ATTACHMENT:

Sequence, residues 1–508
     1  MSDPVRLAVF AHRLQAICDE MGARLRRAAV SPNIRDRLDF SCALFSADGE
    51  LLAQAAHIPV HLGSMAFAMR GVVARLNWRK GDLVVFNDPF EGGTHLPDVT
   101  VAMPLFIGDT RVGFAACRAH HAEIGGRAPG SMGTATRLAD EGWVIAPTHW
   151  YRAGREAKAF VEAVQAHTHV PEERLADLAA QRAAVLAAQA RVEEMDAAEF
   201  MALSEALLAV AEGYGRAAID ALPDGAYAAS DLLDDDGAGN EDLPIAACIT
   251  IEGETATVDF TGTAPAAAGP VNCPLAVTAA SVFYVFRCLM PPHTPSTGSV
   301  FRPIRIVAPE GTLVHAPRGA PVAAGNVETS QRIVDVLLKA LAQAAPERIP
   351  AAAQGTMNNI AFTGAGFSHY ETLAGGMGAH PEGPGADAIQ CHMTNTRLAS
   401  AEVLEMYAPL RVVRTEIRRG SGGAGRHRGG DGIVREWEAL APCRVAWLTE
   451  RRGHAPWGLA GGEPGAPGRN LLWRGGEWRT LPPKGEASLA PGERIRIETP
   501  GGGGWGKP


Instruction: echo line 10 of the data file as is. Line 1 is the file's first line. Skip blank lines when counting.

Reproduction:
   401  AEVLEMYAPL RVVRTEIRRG SGGAGRHRGG DGIVREWEAL APCRVAWLTE